Faculty and students at Yale University were forced to shelter in place, and subjected to warrantless searches for nearly six hours on Monday after an anonymous caller reported a gunman on campus, prompting a huge response by local police, and multiple federal agencies.
Posted November 25, 2013 by William Vaughns (Comment)
Faculty and students at Yale University were forced to shelter in place, and subjected to warrant-less searches for nearly six hours on Monday after an anonymous caller reported a gunman on campus, prompting a huge response by local police, and multiple federal agencies.
The 911 call was received around 10 a.m. from a man at a pay phone about a mile from the campus who said his roommate was on the way to the university “to shoot people”, according to New Haven Police spokesman Officer David Hartman. The call lasted "just a few seconds” and did not specifically name the individual or a specific targeted location of the campus.
Yale ordered students and staff members to shelter in place. The school also issued an advisory asking people off campus to stay away from the area.
The response included several police departments, the FBI and other federal agencies. Police blocked off several streets near the university’s Old Campus, in the heart of New Haven, where they were concentrating their search. Several local schools also were placed in lockdown. Police in tactical gear entered several campus buildings.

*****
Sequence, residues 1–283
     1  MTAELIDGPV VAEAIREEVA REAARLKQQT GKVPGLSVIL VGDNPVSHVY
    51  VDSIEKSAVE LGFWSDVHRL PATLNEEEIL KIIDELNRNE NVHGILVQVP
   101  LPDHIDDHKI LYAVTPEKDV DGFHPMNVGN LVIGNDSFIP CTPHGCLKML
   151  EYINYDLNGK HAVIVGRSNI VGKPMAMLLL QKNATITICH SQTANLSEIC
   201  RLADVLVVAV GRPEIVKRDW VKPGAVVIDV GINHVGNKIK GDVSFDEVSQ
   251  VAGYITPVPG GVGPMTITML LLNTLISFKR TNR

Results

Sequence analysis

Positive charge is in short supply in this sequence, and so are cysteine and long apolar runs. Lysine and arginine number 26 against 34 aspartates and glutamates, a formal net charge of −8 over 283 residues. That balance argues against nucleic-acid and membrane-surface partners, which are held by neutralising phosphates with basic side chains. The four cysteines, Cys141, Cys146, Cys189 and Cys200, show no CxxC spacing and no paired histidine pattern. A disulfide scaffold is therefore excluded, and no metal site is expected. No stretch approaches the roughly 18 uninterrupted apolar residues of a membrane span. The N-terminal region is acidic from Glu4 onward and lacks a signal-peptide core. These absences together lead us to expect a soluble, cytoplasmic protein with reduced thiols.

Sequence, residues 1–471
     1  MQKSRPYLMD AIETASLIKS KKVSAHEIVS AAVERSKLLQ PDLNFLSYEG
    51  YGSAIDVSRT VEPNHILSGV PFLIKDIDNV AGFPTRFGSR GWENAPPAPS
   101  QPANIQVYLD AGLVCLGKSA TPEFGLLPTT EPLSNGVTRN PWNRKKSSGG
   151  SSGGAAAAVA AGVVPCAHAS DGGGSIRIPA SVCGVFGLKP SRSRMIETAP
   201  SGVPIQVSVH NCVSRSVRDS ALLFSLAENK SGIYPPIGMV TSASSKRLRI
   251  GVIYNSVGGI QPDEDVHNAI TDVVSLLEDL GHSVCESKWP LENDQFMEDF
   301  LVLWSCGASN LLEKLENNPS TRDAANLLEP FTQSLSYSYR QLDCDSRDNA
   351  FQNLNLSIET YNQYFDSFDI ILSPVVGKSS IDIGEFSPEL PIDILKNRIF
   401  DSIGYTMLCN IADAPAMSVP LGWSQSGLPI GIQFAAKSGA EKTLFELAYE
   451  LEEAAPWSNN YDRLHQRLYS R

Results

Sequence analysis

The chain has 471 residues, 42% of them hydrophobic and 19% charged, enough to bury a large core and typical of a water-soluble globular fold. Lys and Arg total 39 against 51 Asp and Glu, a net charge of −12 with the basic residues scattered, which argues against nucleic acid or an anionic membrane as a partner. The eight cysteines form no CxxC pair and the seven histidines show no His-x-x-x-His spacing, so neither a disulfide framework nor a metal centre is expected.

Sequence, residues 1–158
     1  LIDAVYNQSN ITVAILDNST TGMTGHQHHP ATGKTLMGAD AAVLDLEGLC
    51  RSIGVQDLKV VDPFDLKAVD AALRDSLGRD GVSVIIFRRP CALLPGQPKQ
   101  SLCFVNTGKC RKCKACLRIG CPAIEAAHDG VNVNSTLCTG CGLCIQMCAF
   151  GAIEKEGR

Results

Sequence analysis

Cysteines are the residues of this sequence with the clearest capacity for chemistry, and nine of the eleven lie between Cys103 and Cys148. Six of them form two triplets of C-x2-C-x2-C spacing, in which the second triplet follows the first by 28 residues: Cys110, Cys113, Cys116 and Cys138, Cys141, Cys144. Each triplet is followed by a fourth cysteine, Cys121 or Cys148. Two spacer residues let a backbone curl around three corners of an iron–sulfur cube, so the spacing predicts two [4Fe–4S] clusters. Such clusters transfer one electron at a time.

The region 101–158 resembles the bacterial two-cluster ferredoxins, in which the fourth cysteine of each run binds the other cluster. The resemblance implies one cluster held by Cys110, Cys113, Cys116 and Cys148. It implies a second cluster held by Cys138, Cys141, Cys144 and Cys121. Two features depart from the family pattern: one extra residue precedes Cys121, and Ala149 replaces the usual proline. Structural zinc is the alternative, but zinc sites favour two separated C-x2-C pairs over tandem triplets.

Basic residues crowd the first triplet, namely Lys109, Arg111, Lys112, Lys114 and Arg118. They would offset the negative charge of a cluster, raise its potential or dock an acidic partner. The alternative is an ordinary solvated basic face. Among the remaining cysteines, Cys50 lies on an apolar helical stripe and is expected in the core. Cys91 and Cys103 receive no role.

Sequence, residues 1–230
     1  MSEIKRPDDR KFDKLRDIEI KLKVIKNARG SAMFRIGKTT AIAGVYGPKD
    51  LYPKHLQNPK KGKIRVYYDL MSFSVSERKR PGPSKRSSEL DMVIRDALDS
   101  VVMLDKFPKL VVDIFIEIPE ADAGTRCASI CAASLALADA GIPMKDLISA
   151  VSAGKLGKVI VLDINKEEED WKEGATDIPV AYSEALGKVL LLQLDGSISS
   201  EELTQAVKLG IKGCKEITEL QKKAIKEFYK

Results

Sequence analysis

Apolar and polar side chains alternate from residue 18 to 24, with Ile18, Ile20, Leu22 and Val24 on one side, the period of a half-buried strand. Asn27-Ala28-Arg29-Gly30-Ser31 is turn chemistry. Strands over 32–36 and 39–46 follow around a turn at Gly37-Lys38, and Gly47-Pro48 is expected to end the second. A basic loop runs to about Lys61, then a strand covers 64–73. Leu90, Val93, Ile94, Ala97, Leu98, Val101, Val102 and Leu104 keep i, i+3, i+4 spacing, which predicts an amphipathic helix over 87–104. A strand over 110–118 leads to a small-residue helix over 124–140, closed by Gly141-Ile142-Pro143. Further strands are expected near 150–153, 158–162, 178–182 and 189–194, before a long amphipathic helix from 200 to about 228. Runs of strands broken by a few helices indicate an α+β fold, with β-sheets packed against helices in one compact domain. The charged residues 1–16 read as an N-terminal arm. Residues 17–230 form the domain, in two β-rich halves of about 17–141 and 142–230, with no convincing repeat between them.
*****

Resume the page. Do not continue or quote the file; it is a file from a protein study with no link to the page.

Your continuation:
"Out of abundance of caution," the school informed its students that campus police would be doing an intensive search of the buildings, starting with the campus' residential areas.
"We're going to every room on that residential college until we make sure that we are satisfied," said Esserman while describing the number of rooms needing to be searched being in the thousands.
The lockdown was lifted Monday afternoon when SWAT teams did not find a gunman. No one was injured, and no suspects have been apprehended.
“New Haven is safe. The Yale campus is safe,” New Haven Police Chief Dean Esserman told news reporters. Police say they are leaning toward the incident being a hoax, and that a witness who reported seeing someone with a rifle likely saw a law enforcement officer.
Because students began their holiday break on Saturday, with no classes this week, most of the rooms have been found empty, police say. Classes are not expected to resume until Dec. 2.
A similar incident occurred over the weekend where an estimated 4,600 airline passengers were subjected to unnecessary evacuation, extra security screenings, and delayed flights after a false alarm caused mass panic at Los Angeles International Airport.